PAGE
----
My friend Debbi has a great expression. When a task is daunting and spread out in front of you, and you’re getting that slightly crampy feeling in the pit of your stomach, she’ll look right at it and say “Don’t panic early.”
I find this a really lovely way of saying “don’t panic”, which I’ve always found dismissive and always makes me want to say something like “I’ll panic if I bloody well want to” or “WHAT IS YOUR OTHER PLAN.” When Debbi says “don’t panic early” I feel like she’s respecting my right to panic, isn’t taking anything from me, but wants to be sure that my timing is right, and I don’t waste any energy while we’re still in a phase that could have some solutions other than panicking.
On Friday, I took a look at the blanket, and I took a look at the date, and I took a look at Megan and something happened.
I panicked. Now, there is still some time to finish, I know that. I’ve got a few weeks I think, before there could be a baby, but I’m still on the last border pattern and after that there is another border pattern and then there is all the edging and… I felt sure that panicking was the right thing to do. I set about getting really hysterical about the whole thing, and then I channelled my inner Debbi, decided it wasn’t time, and set about knitting. That was my weekend. I’m happy to say it mostly panned out. I’m six rows from being finished that border, and then there’s just the second border and then there’s the edging and….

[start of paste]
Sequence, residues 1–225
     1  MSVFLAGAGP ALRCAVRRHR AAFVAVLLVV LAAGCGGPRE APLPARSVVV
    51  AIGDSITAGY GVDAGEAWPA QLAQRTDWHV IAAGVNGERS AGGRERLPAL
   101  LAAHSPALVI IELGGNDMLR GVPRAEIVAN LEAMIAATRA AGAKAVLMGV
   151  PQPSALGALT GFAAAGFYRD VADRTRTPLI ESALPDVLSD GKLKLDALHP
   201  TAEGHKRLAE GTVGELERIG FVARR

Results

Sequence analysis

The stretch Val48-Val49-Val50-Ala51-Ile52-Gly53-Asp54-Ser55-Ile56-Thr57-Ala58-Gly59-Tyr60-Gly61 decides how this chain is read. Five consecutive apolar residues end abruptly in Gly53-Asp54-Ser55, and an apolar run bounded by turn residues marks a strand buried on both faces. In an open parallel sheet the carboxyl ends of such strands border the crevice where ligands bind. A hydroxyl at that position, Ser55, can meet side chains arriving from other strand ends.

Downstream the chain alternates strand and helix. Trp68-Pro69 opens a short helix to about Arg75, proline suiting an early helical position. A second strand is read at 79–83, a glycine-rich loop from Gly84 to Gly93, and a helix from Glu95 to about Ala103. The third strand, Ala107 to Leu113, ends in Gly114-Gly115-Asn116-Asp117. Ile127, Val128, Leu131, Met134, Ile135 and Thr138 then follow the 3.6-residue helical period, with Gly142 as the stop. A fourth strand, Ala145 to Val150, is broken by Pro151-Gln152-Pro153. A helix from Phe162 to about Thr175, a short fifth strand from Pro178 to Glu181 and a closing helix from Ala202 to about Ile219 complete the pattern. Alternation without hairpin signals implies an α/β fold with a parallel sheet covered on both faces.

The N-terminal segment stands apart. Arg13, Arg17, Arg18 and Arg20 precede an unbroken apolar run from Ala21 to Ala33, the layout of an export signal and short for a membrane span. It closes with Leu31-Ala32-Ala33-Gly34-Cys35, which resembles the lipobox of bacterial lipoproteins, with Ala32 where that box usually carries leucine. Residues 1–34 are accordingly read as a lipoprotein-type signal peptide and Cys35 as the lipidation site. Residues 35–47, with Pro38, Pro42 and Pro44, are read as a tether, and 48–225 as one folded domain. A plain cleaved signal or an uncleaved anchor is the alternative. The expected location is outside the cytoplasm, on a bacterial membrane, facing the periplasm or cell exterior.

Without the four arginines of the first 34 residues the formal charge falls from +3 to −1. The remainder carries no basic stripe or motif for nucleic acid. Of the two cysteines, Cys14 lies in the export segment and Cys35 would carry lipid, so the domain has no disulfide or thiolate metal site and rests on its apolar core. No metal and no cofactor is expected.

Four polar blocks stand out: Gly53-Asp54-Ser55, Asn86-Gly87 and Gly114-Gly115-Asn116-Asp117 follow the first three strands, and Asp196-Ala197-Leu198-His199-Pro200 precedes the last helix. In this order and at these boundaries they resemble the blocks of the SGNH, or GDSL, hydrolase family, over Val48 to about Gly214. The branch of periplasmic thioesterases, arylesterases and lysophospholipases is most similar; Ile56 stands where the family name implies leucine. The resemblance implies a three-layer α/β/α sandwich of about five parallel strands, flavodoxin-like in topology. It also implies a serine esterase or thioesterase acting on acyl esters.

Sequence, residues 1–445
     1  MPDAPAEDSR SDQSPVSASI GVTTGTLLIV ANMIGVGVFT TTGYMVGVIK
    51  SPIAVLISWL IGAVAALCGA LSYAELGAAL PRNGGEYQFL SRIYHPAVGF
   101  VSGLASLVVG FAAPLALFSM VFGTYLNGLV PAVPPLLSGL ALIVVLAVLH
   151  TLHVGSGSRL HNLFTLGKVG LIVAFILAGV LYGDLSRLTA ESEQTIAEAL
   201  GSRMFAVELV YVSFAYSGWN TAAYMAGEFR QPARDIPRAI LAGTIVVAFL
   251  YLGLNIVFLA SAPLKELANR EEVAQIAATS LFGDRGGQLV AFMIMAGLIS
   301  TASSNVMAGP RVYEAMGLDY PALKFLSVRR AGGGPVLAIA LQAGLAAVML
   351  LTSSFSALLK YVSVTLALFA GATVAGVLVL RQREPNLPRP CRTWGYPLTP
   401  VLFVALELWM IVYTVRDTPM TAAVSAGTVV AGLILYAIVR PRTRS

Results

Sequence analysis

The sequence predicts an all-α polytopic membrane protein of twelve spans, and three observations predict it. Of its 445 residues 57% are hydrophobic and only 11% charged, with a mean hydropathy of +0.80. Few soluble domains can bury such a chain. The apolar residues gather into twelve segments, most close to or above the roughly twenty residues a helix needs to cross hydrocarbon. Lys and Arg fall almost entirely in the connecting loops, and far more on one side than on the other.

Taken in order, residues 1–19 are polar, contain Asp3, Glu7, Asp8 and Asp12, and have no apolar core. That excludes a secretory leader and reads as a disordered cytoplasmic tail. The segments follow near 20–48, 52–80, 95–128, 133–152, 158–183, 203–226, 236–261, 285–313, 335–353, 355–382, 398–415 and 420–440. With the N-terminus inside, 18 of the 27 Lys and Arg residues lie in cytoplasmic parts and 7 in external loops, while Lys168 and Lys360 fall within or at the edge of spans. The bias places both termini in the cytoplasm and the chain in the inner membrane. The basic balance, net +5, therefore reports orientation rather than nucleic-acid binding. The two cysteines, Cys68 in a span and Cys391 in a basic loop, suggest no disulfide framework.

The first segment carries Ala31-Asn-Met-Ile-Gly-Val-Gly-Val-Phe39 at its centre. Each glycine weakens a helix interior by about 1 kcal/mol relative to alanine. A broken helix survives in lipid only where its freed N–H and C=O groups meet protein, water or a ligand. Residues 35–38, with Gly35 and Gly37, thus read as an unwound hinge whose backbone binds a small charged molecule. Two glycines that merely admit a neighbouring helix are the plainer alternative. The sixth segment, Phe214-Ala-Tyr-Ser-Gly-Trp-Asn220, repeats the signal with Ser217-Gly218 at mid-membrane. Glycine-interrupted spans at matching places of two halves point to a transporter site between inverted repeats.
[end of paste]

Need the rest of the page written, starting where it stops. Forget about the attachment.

It was time to panic. I felt sure of it that time. I went on a search for my inner Debbi, couldn’t find her and called the actual Debbi instead. (Sometimes only the real thing works.) Debbi listened carefully while I explained what needed doing, and she looked carefully at the picture of Meg, and then she said something very real, and very accurate.
That’s what she said. Panic. She also said things like “*%#%&^ how many rows are in that edging? 1600? IS IT SIXTEEN HUNDRED?” and she said things like “IT IS BIG ENOUGH DON’T MAKE IT BIGGER DO THE EDGING” and she also said “holy (*&%$#^, you need to panic. Do it now.”
“It’s not too early?” I asked her, hopefully… wondering if maybe Debbi had just come unglued for a minute and didn’t have her wits about her. It happens to the best of us, especially in the face of laceweight baby blankets, they’re pretty discombobulating. “Debbi, isn’t it too early to panic?”
Debbi thought about it, and then very calmly, she said:
“No. I think you’re late.”
I’m going to get right on it.